He itched to take a picture, too, with the elite camera he'd seen in a magazine. A Horseman, two lenses sharing a single shutter at lightning speed. It was not digital, of course, but he preferred it that way, relishing the anticipation that came as he waited for the film to develop. Waiting was a skill, a talent so many people lacked.
Nick pondered the conversation he'd observed between the woman firefighter and the strange guy he knew to be Cyril's friend. He'd heard that the fellow's name was Moe. Did Moe know anything incriminating? Anything he might have passed along to the firefighter? It bore consideration, but for now, Nick allowed himself to enjoy the fiery spectacle unfolding before him.
"Did you hear that?" a cadaverous old woman next to him hissed. "They said there's a firefighter trapped inside."
She clutched his arm as a pane of glass shattered on the upper floor. He patted her bony fingers. "It's incredible, all right."
He watched a spark, brilliant as a comet, explode from the roof and paint a luminous arc across the smoky sky. Definitely front-page material, he thought with satisfaction.
Tim Carnelli fought to keep the truck's speed under control.
Her name echoed in his mind and danced circles around his brain.
He knew before he heard the name. He knew when the battalion chief's voice came over the radio, pitched high against adrenaline and the sound of a working fire. Firefighter down.
"God help her," he whispered as he tore down the main road through a thickening haze of smoke. "Help her to hang on."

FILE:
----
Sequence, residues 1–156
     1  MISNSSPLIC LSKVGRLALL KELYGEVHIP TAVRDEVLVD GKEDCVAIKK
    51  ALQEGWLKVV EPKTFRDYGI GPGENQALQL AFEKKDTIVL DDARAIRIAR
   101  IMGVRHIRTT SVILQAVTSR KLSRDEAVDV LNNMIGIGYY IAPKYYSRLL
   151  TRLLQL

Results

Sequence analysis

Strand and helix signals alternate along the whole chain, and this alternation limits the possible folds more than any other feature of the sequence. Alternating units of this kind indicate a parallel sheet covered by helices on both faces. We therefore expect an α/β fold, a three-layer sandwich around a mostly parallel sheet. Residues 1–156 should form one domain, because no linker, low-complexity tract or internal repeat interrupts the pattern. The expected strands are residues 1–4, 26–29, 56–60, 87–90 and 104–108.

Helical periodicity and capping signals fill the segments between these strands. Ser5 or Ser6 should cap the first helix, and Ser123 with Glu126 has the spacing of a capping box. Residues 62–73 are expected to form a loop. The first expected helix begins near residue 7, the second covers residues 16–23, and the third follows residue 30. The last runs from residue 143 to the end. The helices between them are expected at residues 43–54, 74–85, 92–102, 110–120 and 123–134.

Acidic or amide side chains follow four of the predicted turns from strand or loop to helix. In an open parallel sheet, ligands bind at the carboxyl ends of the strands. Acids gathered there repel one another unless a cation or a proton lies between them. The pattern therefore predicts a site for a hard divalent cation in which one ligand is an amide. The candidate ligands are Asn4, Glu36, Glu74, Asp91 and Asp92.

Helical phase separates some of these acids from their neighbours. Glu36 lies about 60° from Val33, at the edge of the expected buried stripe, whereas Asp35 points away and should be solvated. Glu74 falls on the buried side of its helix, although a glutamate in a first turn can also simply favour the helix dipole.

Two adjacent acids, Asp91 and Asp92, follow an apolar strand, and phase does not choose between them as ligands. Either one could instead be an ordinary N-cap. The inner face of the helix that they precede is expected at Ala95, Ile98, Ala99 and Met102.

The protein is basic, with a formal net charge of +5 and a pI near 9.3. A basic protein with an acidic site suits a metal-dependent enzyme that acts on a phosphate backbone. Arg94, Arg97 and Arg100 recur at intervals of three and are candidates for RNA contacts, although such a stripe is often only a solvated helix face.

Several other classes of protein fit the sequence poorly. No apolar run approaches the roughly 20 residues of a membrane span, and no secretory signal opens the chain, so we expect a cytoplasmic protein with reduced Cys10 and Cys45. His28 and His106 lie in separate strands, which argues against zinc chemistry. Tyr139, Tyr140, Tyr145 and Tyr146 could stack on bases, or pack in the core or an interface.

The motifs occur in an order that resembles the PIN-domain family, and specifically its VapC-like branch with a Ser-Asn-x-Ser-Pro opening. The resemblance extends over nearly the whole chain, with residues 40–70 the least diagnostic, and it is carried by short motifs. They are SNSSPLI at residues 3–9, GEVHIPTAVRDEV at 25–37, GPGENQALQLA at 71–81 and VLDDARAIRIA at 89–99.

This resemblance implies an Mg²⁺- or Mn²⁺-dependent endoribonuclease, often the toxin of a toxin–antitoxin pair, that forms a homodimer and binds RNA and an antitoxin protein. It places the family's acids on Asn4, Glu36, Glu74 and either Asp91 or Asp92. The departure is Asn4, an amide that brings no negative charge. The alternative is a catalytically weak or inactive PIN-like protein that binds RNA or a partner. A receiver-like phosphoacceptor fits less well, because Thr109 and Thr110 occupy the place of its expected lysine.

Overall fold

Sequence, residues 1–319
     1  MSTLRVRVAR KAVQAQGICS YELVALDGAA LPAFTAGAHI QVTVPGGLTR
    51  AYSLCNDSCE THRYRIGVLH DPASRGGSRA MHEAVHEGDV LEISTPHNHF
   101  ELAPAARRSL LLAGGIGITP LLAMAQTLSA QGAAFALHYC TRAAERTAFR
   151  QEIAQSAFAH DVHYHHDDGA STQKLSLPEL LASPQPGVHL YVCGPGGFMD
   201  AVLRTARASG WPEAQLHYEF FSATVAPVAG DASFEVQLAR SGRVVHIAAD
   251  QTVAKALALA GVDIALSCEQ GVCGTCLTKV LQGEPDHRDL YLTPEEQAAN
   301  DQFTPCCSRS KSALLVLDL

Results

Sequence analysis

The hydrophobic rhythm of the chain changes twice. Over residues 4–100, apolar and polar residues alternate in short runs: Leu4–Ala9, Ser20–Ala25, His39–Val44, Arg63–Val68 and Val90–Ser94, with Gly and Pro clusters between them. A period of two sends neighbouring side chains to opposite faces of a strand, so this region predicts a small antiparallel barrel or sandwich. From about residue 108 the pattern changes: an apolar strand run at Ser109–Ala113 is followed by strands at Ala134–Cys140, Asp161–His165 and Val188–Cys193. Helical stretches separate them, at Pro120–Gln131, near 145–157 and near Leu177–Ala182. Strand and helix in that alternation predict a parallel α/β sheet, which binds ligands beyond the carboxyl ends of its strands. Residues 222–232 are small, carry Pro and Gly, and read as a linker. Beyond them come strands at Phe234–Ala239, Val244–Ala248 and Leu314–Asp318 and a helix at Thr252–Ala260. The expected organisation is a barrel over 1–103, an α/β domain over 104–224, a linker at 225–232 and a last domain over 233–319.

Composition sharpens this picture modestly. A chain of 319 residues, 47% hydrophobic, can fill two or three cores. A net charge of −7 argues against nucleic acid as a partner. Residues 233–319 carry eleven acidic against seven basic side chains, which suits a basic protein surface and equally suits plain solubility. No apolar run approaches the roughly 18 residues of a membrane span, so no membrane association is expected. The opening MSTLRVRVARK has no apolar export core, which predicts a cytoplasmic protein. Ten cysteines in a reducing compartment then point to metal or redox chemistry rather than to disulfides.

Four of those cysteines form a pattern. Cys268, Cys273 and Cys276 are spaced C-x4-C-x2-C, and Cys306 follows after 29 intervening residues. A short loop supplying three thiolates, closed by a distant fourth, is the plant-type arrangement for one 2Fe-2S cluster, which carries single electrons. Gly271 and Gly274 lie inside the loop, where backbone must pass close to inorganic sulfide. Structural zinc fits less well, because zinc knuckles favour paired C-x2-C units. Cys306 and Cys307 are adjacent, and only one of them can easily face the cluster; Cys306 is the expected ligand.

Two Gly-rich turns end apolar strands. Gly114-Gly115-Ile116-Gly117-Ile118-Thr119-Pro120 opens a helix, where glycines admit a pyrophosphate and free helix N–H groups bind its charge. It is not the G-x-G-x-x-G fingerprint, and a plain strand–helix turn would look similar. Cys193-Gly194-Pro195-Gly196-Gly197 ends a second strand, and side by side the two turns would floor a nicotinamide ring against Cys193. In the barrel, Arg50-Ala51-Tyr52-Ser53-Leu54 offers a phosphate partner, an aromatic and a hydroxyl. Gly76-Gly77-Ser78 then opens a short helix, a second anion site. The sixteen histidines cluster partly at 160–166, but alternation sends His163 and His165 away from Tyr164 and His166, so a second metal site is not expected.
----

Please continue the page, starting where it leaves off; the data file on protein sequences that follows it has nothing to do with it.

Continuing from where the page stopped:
If he had more time to process, the irony would be palpable. Was it just last night he'd decided to move on? Even looking up Marcie's number to give her a call? Forget about Ivy, he'd told himself. You were a fool to think she'd open her heart to you after Antonio. She might never trust anyone again, especially God.
He clenched the steering wheel so hard his fingers cramped up. Not now. It wasn't time to dredge up past history.
Even so, an image rose in his mind. Ivy's short hair blowing in the breeze, green eyes alight with laughter as they rode mountain bikes together in the pre-Antonio days.
His heart thundered in his chest as the radio crackled to life again.
The dispatcher calmly repeated the message and confirmed.
They were calling for the helicopter.
He wasn't a firefighter, but everyone connected to the business knew what it meant when they called for a helicopter. And it wasn't good.
Strange sensations flooded Ivy's senses. She felt the bump of the gurney as she was rolled along, the shouted commands of firefighters amped on adrenaline, and then inexplicably, Tim was there. When had he arrived at the fire scene? He must have heard the call go out on the radio.
Posted January 13, 2010
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Posted January 26, 2011